This is a roster of selected internships. Students are encouraged to search beyond the provided list, as well as submit additional internships that can aid in the growth and development of IAI students.
Click on titles to go to websites.
$ Paid internship
* Internships may be cyclical; monitor site for next opportunity
Connecticut's Department of Emergency Services and Public Protection is looking for students who are studying in areas that include criminal justice, communications, information systems and more. Interns receive research and special assignments in these non-paid positions, but are given college credit upon completion of the program.
Three internship sessions of 12 weeks are available each year to students interested in federal law enforcement careers. At least 50 percent of the internship is spent in basic and advanced training while the other 50 percent is spent advancing the objectives of the Federal Law Enforcement Training Centers.
Students must be majoring in a field such as criminal justice, criminology or the forensic sciences and need to be a senior in college or a graduate student.
The National Homeland Security STEM Summer Internship Program is available to college juniors and seniors, enabling them to work with Homeland Security professionals and researchers during the summer for up to a 10-weeek period.
Students are given a $500 stipend for each week, for up to $5,000 total, and will conduct research into Department of Homeland Security mission-relevant areas. Positions vary across the U.S.
The forensic science internship offered through the crime lab with the Orange County Sheriff-Coroner Department is unpaid, but students work under the guidance of forensic scientists and may gain experience related to breath or blood alcohol analysis, presence of drugs in post-mortem blood and tissue samples, the location and identification of bodily fluids, and other forensic science techniques. Interns must be pursuing or have completed a degree in a field such as biochemistry, biology, forensic science, or similar, and must be able to put in 20 or more hours a week for two or more months.
This program at the FBI facility in Quantico, Va., is available to graduates who have completed or will complete a degree in a field such as the forensic sciences, biology, chemistry, toxicology, etc., within five years of the starting date. Program appointments are for one year on a full-time basis with a monthly stipend based on academic-achievement level. Appointments can be renewed for up to four years.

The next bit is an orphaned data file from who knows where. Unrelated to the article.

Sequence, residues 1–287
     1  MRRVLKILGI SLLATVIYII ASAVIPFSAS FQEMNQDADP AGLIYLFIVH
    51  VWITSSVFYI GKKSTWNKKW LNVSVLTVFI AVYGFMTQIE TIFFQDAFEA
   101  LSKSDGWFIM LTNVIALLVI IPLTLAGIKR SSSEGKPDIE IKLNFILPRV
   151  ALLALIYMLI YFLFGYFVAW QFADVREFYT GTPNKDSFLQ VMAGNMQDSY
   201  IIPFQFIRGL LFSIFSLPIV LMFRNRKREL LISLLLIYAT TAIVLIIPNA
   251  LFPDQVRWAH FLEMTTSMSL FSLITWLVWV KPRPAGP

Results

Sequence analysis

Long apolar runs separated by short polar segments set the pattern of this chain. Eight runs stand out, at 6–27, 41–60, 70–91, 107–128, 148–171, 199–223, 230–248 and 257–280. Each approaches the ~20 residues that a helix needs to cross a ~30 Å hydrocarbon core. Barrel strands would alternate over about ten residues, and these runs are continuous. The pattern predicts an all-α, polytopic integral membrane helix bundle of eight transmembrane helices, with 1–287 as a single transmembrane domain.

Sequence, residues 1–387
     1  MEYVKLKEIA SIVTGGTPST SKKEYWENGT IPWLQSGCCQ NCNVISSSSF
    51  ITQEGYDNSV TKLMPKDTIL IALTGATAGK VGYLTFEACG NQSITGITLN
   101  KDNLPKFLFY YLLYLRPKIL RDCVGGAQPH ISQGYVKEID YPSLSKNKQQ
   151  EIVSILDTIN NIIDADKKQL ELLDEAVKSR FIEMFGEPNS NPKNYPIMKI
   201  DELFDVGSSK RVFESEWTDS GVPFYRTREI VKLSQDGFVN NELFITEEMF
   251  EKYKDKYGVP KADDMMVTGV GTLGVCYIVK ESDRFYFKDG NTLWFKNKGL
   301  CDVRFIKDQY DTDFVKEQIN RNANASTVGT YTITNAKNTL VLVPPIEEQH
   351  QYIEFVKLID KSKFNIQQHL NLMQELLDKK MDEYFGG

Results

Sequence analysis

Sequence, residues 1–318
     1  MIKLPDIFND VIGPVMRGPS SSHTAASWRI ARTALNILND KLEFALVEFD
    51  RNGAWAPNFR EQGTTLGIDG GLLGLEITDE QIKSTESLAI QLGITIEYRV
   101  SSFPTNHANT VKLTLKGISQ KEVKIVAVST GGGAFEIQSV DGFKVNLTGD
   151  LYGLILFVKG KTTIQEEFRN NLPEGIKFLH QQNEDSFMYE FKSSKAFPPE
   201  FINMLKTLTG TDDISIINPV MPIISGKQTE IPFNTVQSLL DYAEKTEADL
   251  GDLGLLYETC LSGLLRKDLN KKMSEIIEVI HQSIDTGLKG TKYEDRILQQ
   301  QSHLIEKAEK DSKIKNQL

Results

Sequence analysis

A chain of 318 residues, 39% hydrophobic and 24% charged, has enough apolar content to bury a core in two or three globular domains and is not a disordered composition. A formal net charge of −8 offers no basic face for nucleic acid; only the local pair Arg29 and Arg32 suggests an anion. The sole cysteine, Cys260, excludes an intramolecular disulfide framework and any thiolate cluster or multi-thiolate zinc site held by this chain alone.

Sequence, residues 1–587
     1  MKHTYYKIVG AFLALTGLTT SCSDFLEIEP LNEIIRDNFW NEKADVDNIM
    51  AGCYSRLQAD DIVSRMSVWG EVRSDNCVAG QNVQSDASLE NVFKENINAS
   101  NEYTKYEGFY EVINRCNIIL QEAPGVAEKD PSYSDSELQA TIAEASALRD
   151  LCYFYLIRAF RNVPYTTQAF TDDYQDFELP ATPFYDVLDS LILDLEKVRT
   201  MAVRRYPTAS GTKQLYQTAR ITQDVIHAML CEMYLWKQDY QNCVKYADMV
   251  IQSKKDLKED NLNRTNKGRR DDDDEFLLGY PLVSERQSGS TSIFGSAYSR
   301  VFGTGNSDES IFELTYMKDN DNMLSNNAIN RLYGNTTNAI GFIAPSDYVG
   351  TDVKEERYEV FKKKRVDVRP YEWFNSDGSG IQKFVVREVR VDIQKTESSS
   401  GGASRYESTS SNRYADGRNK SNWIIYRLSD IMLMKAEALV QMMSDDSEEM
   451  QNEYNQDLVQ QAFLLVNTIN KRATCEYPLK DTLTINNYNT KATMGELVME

The FBI's San Francisco division is seeking applicants for the 2019 Honors Internship Program. Our 10-week paid internship for undergraduate and graduate students offers an unparalleled opportunity to work alongside FBI employees and get a head start on an exceptional career.
Students can apply for a summer internship with the laboratory division of the Indiana State Police. Interns undertake an assignment project and work closely with a forensic science supervisor. The internship is available at the Indianapolis Regional Laboratory, and students may be able to apply for internships based on their biology, chemistry, or trace analysis knowledge.
Students interested in this internship through the Miami-Dade Police Department will find an internship program of 14 to 15 weeks that introduces them to various aspects of police work including forensic services, homicide, robbery, special victims unit, uniform patrol, and much more. The internship is observation only, and is open to junior or seniors in college or graduate students who are majoring in criminal justice or a similar field.
The Department of Energy is looking for summer interns to take on opportunities available at national laboratories countywide. Students should be pursuing degrees in areas such as chemistry, nuclear engineering, or physics. The DOE's Nuclear Forensics Undergraduate Scholarship Program includes a nine-to-12-week summer appointment involving study and research related to the nuclear forensics mission of the Domestic Nuclear Detection Office.